Proposal Title

Significance of Hair as a Means of Racial Identity in The Brief Wondrous Life of Oscar Wao

Primary Faculty Mentor’s Name

Anastasia Lin

Proposal Track

Student

Session Format

Paper Presentation

Abstract

Historical connotations of slavery set the racially underlined tone for Junot Diaz’s Pulitzer Prize novel The Brief Wondrous Life of Oscar Wao. Dominican ghetto-nerd protagonist Oscar battles with his Dominican-American identity. The reader shadows Oscar and members of his family throughout time, shifting from 1980s New Jersey to mid-20th century Dominican Republic. Diaz uses the history of racial oppression in the Dominican Republic as well as the inherent and subsequent denial of Africanness to further Oscar’s search for his true self.

Considering Junot Diaz’s sexy and thought provoking novel, I will analyze the fashion in which he utilizes underlying racial conflict in the Dominican Republic throughout the development of not only Oscar, but many of the other characters as well. By investigating the history of Africans in early Dominican Republic and the racial profiling that led to cultural oppression, I unearth a more profound understanding of the complexity of Oscar’s psyche and his battles uncovering the truth behind the self. Not only do I hone in on Oscar’s identity issues, but I also shine a light on his mother and his sister Lola, who both individually redefine what it means to be considered a “Dominican” woman. I dive into the concept of “otherness”—specifically “black” versus “not black” and more specifically “Dominican” versus “Haitian.” The false acceptance of Europeanness drives the racial issues in the novel and in Dominican society overall.

In an unorthodox fashion, Diaz uses hair to illustrate racial differences and identity amongst the characters of the novel. Diaz’s keen attention to hair, his characters’ attitudes towards hair, and its correlation to racial identity combined serves as a microcosm of Dominican society. The description of hair is utilized in order to label a character, elevate a character, or beautify a character (and vice versa). I will address how the historical oppression of Dominican Africanness is reflected in the characterization in Oscar Wao, how hair is used as a mechanism to describe ethnic identity, and lastly, how Dominicans in and out of the novel use hair as a representation (or denial) of their racial identity.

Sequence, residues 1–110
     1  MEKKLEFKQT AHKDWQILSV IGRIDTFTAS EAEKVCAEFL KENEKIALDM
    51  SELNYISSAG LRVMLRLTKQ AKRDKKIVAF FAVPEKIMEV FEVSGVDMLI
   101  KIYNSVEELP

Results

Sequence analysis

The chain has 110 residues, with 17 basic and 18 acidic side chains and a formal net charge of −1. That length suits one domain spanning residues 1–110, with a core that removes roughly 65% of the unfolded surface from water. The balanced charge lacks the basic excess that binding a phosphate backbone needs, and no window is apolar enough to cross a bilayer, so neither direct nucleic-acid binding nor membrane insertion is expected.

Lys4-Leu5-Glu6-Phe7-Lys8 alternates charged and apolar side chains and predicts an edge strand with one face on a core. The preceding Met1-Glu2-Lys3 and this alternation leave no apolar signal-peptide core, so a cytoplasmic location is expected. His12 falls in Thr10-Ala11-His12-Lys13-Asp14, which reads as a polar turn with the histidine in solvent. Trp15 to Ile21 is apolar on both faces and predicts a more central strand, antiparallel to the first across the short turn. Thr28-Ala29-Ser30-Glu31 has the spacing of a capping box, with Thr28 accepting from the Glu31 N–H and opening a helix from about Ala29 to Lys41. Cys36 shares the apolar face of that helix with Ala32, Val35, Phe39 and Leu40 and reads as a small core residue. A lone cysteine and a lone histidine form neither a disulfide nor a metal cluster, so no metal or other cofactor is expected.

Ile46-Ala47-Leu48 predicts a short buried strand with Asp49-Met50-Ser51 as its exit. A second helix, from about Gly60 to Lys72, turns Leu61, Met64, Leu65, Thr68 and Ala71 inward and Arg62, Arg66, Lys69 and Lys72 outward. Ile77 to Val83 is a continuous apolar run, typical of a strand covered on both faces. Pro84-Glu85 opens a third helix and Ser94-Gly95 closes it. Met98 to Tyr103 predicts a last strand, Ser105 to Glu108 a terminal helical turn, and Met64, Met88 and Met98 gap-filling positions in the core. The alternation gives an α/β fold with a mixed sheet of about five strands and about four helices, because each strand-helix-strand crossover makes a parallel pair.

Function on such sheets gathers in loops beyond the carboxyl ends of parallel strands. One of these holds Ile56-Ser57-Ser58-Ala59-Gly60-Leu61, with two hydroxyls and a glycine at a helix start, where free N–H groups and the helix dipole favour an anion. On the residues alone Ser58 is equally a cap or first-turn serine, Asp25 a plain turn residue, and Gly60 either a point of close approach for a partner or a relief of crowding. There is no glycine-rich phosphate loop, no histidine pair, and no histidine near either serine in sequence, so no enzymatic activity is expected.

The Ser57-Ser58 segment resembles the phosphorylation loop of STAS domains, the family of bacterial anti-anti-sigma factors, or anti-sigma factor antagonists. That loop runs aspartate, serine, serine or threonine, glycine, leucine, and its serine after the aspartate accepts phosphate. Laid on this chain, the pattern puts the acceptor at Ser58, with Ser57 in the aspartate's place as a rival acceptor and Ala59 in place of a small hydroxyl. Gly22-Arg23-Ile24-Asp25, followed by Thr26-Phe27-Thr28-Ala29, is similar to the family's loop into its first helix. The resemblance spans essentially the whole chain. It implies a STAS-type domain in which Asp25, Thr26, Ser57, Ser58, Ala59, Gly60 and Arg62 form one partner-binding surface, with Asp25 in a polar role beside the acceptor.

Keywords

Race, Identity, Analysis, Literature

Award Consideration

1

Location

Room 2904

Presentation Year

2014

Start Date

11-15-2014 8:30 AM

End Date

11-15-2014 9:30 AM

Publication Type and Release Option

Presentation (Open Access)

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Nov 15th, 8:30 AM Nov 15th, 9:30 AM

Significance of Hair as a Means of Racial Identity in The Brief Wondrous Life of Oscar Wao

Room 2904

Historical connotations of slavery set the racially underlined tone for Junot Diaz’s Pulitzer Prize novel The Brief Wondrous Life of Oscar Wao. Dominican ghetto-nerd protagonist Oscar battles with his Dominican-American identity. The reader shadows Oscar and members of his family throughout time, shifting from 1980s New Jersey to mid-20th century Dominican Republic. Diaz uses the history of racial oppression in the Dominican Republic as well as the inherent and subsequent denial of Africanness to further Oscar’s search for his true self.

Considering Junot Diaz’s sexy and thought provoking novel, I will analyze the fashion in which he utilizes underlying racial conflict in the Dominican Republic throughout the development of not only Oscar, but many of the other characters as well. By investigating the history of Africans in early Dominican Republic and the racial profiling that led to cultural oppression, I unearth a more profound understanding of the complexity of Oscar’s psyche and his battles uncovering the truth behind the self. Not only do I hone in on Oscar’s identity issues, but I also shine a light on his mother and his sister Lola, who both individually redefine what it means to be considered a “Dominican” woman. I dive into the concept of “otherness”—specifically “black” versus “not black” and more specifically “Dominican” versus “Haitian.” The false acceptance of Europeanness drives the racial issues in the novel and in Dominican society overall.

In an unorthodox fashion, Diaz uses hair to illustrate racial differences and identity amongst the characters of the novel. Diaz’s keen attention to hair, his characters’ attitudes towards hair, and its correlation to racial identity combined serves as a microcosm of Dominican society. The description of hair is utilized in order to label a character, elevate a character, or beautify a character (and vice versa). I will address how the historical oppression of Dominican Africanness is reflected in the characterization in Oscar Wao, how hair is used as a mechanism to describe ethnic identity, and lastly, how Dominicans in and out of the novel use hair as a representation (or denial) of their racial identity.